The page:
Adam Frisby, chief product officer and cofounder of Sine Wave, said in an interview conducted inside Breakroom that the High Fidelity spatial audio will help Breakroom create a triple-A quality experience in a virtual world.
“The real benefit of having 3D audio in a virtual world like this is you can have lots of conversations going on simultaneously,” Frisby said. “3D audio is the only way to replicate the real-world experience in an online environment. You can have a 150-person conference and end up with 10 groups of people talking at the same time. That has helped us with engagement.”
Breakroom is among the first group of clients for Philip Rosedale’s company. Adam tells me that they are looking at implementing the same 3D audio in Sinespace at some point in the future.
Here’s a two-minute YouTube video where Adam Frisby explains and demonstrates the new 3D audio:
This blogpost is sponsored by Sinespace, and was written in my role as an embedded reporter for this virtual world (more details here).
Today, four well-known people in the metaverse shared a virtual stage in VirBELA to talk about how the metaverse will impact the future of work. (I was not in-world, but I did receive a special livestream link on YouTube to follow the proceedings at virbe.la/metaverse-stream, which I hope works for you as well. Here’s a second link if the first one doesn’t work: https://www.youtube.com/watch?v=iH6Lj1AKi3o.)
Author and columnist Charlie Fink was moderator, asking questions and guiding the wide-ranging conversation among the panelists:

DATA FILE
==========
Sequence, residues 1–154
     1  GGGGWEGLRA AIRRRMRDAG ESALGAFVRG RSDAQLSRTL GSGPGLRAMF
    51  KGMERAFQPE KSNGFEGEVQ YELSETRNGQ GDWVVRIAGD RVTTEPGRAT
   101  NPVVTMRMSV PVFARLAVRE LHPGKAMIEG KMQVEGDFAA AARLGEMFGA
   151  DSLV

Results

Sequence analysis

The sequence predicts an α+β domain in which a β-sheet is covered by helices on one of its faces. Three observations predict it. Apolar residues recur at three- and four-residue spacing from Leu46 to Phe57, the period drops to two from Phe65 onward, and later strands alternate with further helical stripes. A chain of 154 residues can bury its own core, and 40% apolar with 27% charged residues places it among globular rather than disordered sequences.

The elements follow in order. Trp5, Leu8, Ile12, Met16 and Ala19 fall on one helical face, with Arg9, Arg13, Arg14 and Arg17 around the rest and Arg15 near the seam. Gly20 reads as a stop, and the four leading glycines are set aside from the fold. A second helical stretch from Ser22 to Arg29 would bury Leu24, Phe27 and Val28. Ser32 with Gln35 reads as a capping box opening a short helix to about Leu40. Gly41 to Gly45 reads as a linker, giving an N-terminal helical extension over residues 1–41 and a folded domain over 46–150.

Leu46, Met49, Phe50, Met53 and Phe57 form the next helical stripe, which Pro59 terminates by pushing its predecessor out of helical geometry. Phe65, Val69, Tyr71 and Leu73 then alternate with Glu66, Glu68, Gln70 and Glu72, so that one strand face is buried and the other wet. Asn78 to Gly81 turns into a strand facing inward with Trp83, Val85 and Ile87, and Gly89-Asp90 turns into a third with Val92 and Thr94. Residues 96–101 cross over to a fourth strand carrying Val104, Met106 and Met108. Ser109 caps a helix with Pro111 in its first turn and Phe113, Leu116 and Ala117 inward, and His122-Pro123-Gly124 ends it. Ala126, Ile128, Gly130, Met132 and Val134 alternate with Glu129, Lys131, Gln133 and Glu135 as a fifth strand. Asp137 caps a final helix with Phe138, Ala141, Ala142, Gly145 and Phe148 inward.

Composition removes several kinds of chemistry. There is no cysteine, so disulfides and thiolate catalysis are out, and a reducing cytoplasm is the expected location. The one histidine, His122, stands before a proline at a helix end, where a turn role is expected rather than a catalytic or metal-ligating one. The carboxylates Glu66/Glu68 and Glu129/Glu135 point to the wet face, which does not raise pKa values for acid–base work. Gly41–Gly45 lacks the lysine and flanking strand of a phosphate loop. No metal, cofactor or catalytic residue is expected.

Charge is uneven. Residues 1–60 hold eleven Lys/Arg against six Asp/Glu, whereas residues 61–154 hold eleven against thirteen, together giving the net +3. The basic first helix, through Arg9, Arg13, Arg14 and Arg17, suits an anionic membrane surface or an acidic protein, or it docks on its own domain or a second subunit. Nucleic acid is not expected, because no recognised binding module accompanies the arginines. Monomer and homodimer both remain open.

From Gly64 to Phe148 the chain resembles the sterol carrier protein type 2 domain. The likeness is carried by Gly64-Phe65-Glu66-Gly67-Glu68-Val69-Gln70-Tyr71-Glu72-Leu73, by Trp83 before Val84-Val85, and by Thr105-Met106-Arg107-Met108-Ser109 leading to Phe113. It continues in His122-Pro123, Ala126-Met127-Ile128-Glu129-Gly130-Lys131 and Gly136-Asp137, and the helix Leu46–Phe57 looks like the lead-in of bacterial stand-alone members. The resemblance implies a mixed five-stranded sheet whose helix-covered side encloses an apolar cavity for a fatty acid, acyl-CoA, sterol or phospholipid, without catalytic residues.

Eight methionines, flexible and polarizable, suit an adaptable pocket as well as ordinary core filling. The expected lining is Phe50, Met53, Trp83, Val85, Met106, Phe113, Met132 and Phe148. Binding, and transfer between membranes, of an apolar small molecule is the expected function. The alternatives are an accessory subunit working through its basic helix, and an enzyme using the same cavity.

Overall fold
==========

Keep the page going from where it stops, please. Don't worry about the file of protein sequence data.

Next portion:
Alex Howland, the founder and CEO of VirBELA
Cathy Hackl, VR/AR/XR columnist and author of the new book The Augmented Workforce, who used to work at Magic Leap
Philip Rosedale, founder of Linden Lab (Second Life) and CEO of the spatial audio firm High Fidelity
Some of the interesting things from the panel which caught my ear were:
Cathy Hackl stated that the “metaverse” is not just limited to Ready Player One, but also Pokémon GO (even though I personally do not agree that cellphone-based “AR” is true augmented reality). She doesn’t want to see everything in one walled-garden marketplace like Oculus. She works a lot in the crypto space and wants to support decentralization, such as the portability of avatars between metaverses.
Philip said that COVID-19 introduced everybody to the idea of virtual worlds, or shared virtual spaces.
Alex was an organizational psychologist who got his original idea for VirBELA to create environments for business leaders to learn from each other, practice leadership skills, and to observe behaviour.
Philip recognized Second Life when he visited VirBELA, and really enjoyed walking around the virtual campus. He feels there is still a lot of work to be done to build platforms which allow people to be creative together.
Cathy sees ROBLOX and similar platforms as entry points for new generations of virtual world users. Her 12-year-old daughter’s friend is already making money creating and selling skins in ROBLOX.
Charlie commented on the fact that VirBELA lets you “lean in”, as opposed to more passive video-based services such as Zoom.
Philip talked about real-life use cases of his new company’s technology, High Fidelity, stressing how the three-dimensional, spatialized audio is better than a Zoom call. The company offers an SDK so that companies can integrate spatial audio into their products. High Fidelity works within the browser, and the company is working on native clients for iOS, Unity, etc.